If he's a paedophile, what does that make Edmund Tudor? He married Margaret Beaufort when she was twelve and she gave birth to Henry Tudor at thirteen. Not to mention the fact that Anne had already been married once before. Does that make Edward of Lancaster a paedophile too? Oy.

Seriously. This was normal. I'm not saying it was a good thing -- it probably wasn't -- but it was what people did.

I appreciate that *someone* is taking the time to write something about Anne Neville. It's about time someone did. That being said, maybe we could stop with the crazy conspiracy theories and weird statements that make no sense in context?
lareinenoire: (Wilde Truth)
Leaving for Boston in a few hours, so I'm currently staring at my suitcase, trying to puzzle out exactly what I'm forgetting. So what do I do? A meme!

Swiped from [livejournal.com profile] dolorous_ett, [livejournal.com profile] ignipes, [livejournal.com profile] a_t_rain, and [livejournal.com profile] dolabellae

The game is as follows - I give the last sentence or couple of sentences from five of my favourite books. Your task - to identify the books.

Since I've already played the 'First Lines' game, the books will be different this time round. ;) Yes, I really do have that many favourites.

Here goes! )

Two are by the same author, and if you've been reading my journal for the past two months or so, you could probably guess. One is blindingly obvious, but the lines before it really don't say much. One nineteenth-century, and one very early twentieth-century. The rest are modern.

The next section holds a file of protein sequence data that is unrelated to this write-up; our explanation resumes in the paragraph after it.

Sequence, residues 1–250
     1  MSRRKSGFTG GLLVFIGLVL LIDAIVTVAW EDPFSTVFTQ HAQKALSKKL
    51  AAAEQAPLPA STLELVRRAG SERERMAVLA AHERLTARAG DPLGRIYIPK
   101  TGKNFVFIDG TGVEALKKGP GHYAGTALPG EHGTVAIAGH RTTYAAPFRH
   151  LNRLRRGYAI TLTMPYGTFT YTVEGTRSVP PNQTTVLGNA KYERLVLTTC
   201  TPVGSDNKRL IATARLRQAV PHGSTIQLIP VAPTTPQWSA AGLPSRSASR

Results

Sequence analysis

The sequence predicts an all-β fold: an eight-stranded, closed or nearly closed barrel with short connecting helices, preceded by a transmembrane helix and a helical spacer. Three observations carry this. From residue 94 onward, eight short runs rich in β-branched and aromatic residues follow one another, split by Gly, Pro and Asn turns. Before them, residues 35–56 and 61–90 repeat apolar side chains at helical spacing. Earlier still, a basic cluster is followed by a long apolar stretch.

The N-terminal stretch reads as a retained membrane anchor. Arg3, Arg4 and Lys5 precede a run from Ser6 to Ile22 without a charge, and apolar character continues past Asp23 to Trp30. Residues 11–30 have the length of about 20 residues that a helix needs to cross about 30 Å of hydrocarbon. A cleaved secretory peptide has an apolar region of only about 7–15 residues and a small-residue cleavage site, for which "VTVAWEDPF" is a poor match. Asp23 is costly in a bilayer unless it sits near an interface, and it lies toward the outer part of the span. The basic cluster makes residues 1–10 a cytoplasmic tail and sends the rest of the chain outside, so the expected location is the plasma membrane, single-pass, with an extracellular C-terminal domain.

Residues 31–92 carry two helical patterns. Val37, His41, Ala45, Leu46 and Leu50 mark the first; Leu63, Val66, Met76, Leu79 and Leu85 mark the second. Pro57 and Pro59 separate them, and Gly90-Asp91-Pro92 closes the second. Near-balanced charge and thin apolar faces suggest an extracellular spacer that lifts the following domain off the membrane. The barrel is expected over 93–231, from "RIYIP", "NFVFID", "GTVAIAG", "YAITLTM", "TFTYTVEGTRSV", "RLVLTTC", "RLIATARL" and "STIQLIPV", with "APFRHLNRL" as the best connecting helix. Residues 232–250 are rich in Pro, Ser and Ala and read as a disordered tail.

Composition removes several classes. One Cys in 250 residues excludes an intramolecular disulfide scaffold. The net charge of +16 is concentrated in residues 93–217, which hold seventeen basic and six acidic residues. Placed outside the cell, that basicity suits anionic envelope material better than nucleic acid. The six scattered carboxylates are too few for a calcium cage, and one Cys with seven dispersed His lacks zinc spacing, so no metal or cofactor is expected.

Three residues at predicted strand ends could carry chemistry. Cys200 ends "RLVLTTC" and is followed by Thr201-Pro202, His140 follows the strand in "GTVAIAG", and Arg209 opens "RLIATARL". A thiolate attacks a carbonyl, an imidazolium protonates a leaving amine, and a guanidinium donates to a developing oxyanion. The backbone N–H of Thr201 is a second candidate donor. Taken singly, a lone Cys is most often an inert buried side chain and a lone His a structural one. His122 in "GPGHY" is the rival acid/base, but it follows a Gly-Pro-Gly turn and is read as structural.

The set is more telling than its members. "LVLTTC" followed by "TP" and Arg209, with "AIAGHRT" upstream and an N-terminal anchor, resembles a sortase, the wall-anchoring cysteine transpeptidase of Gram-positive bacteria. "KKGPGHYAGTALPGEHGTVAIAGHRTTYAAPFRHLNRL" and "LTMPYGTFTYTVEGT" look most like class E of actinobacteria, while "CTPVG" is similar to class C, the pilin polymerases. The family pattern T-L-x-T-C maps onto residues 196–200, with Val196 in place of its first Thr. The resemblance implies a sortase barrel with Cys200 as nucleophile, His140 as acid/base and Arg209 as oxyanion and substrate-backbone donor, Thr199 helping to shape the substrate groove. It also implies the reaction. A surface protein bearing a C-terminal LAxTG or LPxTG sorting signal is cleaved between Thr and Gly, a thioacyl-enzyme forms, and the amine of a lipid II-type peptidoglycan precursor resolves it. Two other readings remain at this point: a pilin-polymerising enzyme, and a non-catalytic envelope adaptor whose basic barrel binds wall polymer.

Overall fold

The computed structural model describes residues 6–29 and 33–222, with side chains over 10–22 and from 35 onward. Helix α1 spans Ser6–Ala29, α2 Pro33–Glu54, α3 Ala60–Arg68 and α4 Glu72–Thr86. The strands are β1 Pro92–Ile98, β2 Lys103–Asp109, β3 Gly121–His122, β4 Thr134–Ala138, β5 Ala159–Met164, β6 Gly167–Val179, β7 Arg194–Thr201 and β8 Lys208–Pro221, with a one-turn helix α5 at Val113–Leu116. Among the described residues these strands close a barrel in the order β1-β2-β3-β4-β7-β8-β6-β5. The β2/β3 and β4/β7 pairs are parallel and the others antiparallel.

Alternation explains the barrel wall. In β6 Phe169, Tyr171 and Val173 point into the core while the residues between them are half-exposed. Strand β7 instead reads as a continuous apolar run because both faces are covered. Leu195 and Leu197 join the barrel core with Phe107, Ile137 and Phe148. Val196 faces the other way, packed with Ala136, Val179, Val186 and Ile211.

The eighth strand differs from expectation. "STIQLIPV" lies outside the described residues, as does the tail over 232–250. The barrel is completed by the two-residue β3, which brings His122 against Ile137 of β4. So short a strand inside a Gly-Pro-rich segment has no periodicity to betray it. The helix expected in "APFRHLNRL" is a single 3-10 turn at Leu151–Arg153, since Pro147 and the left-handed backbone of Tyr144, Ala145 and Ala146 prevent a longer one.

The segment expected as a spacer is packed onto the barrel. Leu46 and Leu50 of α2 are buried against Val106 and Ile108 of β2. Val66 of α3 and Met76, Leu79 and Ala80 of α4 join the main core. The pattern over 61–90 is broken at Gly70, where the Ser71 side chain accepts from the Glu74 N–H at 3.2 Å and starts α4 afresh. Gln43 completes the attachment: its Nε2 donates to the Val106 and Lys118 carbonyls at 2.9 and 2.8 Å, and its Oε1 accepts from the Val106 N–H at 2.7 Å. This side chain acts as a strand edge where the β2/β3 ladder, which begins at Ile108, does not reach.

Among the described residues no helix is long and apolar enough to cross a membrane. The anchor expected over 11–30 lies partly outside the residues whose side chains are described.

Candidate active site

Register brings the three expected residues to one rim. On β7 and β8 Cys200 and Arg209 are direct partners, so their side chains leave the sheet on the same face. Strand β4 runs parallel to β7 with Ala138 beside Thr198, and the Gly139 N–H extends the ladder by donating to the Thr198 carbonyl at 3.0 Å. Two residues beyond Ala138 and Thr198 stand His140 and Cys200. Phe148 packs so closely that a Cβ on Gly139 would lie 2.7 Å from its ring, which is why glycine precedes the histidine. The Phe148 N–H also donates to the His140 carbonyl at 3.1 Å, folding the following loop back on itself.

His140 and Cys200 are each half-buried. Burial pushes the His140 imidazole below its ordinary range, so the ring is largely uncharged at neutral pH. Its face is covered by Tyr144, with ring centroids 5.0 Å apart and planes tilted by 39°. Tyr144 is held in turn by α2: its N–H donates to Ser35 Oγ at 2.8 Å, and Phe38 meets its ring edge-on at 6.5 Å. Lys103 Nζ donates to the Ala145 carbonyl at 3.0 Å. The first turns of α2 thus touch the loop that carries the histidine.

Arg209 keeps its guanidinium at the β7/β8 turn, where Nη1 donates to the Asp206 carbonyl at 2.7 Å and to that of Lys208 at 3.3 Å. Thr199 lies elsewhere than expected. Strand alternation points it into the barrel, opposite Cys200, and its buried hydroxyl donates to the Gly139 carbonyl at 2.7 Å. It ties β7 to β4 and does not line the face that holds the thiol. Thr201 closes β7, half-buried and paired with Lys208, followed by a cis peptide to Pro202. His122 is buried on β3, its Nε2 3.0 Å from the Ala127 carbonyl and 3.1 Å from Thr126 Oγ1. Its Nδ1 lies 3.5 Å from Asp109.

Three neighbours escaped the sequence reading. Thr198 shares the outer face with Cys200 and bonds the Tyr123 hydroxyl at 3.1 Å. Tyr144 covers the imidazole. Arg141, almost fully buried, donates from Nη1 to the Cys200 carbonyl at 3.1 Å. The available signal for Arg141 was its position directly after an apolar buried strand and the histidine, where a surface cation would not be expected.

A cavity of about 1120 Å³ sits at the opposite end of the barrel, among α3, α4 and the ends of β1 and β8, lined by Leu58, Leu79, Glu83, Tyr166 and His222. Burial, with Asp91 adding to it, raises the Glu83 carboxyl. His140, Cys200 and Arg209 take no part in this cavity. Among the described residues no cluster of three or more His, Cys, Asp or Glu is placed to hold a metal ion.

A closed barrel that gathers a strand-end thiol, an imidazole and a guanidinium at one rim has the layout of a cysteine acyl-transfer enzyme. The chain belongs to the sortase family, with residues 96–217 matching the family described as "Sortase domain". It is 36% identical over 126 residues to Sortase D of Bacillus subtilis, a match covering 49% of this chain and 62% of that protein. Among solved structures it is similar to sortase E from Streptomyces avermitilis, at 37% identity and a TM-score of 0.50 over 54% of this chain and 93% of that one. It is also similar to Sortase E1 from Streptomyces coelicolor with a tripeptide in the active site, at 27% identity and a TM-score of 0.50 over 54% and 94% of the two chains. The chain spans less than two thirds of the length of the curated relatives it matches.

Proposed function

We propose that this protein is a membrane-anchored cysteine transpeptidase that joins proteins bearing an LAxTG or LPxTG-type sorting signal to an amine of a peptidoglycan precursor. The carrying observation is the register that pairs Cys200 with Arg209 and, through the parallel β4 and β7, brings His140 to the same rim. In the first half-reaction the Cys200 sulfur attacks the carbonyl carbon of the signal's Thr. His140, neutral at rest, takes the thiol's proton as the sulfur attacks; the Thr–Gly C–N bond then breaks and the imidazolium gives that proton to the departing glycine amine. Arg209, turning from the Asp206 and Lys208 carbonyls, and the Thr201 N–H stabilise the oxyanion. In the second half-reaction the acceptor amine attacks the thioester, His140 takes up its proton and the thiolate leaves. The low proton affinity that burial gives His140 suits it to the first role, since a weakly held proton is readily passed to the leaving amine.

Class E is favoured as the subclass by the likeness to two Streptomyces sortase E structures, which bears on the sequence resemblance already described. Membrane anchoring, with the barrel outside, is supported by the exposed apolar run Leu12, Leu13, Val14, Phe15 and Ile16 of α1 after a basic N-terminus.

Book Rec

Sep. 8th, 2005 10:21 pm
lareinenoire: (Default)
A Great and Terrible Beauty and Rebel Angels, both by Libba Bray.

I consider them part of the trend of young adult fiction that's proven to be as good as, and often better, than adult fiction. She's succeeded in writing in *precisely* the genre that I want to explore as a writer (historical-Gothic-supernatural-borderline fantasy set in the Victorian/Edwardian period), and she's done it beautifully. Her characters are brilliant, the descriptions are wonderful, and I was literally unable to lift my nose out of either of the books over the past 48 hours (this after I'd already read the first one before, albeit a year ago).

I'm almost certainly going to reread over the next few weeks.
lareinenoire: (Snape!)
Order of the Phoenix took me five-and-a-half hours, give or take. Half-Blood Prince took me less than four. Started around 12:30, finished around 4:00.

My first reaction: Screaming

My second reaction: Dear sweet God, that book was good.

Most of my theories were, as expected, shot to hell, but some emerged unscathed, much to my surprise.

Not particularly coherent thoughts )

I suspect I'll reread sometime very soon, and come up with slightly more coherent thoughts. The only coherency I can currently muster is very specific.
lareinenoire: (Snape!)
Still...no...book...

::glares at door and indirectly at Postal Service::

Want book!
lareinenoire: (Wilde Truth)
Another Book Meme! )
lareinenoire: (Bitch)
Swiped this with impunity from [livejournal.com profile] gehayi.

Edit (9 April 2005, 13:03): Wow. You people are good! Or you know me too well. Some combination thereof.

Memeish Goodness )

And now, off to make tea and return to my book.

Wow!

Apr. 3rd, 2005 03:34 pm
lareinenoire: (Default)
Feeling *so* much better.

I just spent the past three hours wandering the city with my camera. I woke up today and realised that it was the third heartbreakingly gorgeous day in a row, and as this is East Anglia, it'll probably start pouring within the next twenty-four hours, so...

Carpe diem and all that crap. ;)

There were at least some remnants of the carpets of violets I'd seen before I left for India, but some of it had been replaced by cornflowers. Still very very pretty. Wandered along the Church Rate Walk and Malting Lane, took photographs of random houses and ivy-grown walls and a few abandoned Métro tickets that I found amusing for some reason. King's was where I'd seen the carpet of flowers, so I went there next, strolled through the College and past all the Japanese tourists, and ended up wandering into the market.